Reconstruction of biologically relevant pathways

In order to evaluate the quality of our dataset, we selected proteins from biologically relevant pathways and reconstructed the protein complexes using deconvoluted peaks.

The first protein complex, the proteasome, is also the reference complex of choice to benchmark the quality of the dataset in other studies10,15,16. This complex is present in all eukaryotic cells and responsible for the degradation of proteins in the cytosol. The proteasome is comprised of a catalytic 20S core particle (CP) and a 19S regulatory subunit (RP)21. Represented visually as a heatmap, we were able to detect both the CP and the RP in easy to discern clusters (Fig. 6). The core subunit was also identified in a smaller size range than the regulatory subunit which holds true to the literature22. However, we were unable to detect the fully assembled proteasome. This was to be expected, as the fully assembled proteasome of A. thaliana has a molecular weight of approximately 2MDa and cannot be effectively captured with a native PAGE approach.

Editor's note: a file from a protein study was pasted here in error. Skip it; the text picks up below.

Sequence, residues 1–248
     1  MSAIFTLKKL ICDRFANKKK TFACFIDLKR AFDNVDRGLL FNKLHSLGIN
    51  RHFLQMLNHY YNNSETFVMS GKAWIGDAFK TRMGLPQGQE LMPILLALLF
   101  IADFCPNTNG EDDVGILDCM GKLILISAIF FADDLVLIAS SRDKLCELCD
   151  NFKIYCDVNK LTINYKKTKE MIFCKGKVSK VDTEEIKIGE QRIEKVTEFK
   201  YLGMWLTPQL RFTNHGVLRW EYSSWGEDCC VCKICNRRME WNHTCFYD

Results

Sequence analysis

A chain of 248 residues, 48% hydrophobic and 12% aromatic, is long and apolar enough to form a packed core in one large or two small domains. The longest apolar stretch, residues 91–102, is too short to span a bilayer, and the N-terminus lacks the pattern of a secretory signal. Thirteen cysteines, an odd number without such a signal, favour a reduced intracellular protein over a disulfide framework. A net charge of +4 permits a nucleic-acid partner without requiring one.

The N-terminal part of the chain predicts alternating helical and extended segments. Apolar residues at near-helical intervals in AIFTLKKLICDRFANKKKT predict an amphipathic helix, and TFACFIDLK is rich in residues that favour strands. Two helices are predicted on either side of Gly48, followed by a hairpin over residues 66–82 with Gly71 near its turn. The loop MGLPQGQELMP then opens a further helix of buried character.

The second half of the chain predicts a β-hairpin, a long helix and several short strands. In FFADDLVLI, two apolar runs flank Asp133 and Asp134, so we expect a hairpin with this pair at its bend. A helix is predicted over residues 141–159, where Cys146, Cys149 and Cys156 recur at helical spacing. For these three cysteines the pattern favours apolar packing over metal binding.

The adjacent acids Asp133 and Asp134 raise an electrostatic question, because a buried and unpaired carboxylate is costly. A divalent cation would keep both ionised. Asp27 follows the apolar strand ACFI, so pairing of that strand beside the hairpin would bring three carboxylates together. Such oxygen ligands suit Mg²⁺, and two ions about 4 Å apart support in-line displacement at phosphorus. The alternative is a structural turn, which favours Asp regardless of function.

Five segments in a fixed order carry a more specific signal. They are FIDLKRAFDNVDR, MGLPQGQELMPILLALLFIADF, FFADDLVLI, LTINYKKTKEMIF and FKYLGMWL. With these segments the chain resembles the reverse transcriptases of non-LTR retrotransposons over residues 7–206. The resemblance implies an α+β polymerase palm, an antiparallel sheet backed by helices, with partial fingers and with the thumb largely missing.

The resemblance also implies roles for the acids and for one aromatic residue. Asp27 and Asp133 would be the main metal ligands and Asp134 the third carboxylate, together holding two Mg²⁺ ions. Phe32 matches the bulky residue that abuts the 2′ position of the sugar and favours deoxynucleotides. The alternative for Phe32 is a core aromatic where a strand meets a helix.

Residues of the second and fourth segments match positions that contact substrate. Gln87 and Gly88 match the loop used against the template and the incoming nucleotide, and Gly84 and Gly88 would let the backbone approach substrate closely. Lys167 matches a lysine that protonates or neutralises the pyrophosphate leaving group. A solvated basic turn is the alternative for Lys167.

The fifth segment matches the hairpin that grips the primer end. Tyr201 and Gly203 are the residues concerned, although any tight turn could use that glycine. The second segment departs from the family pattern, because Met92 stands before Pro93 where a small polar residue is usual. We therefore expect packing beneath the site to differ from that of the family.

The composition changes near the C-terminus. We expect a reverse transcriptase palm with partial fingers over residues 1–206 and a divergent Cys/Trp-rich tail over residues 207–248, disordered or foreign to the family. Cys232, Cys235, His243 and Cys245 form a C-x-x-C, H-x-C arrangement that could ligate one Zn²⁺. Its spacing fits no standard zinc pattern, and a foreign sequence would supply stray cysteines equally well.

Figure 6

Comigration of the proteasomal subunit protein profiles. The protein profiles of the subunits comprising the proteasome complex were investigated at the (A) ED and (B) EN. Heatmaps shown represent the deconvoluted protein elution profiles of the proteins that belong to the regulatory and core subunits of the proteasome complex. The protein profiles were normalized to the maximum value. Green areas indicate the fraction where the highest abundance for a protein was observed. Comigration was observed for the constituents of the regulatory and core subunits of the proteasome complex. To the right of the heatmaps the protein elution profiles used to generate the respective heatmaps are shown. (C) A comparison of the protein abundance of the proteasomal proteins was performed at the ED and the EN. The total abundance for each of the proteins belonging to the core (left) and regulatory (right) subunits of the proteasome was compared between the two time points. The abundance of each of the proteins was summed across the fractions and are represented as yellow and blue circles for the ED and EN, respectively.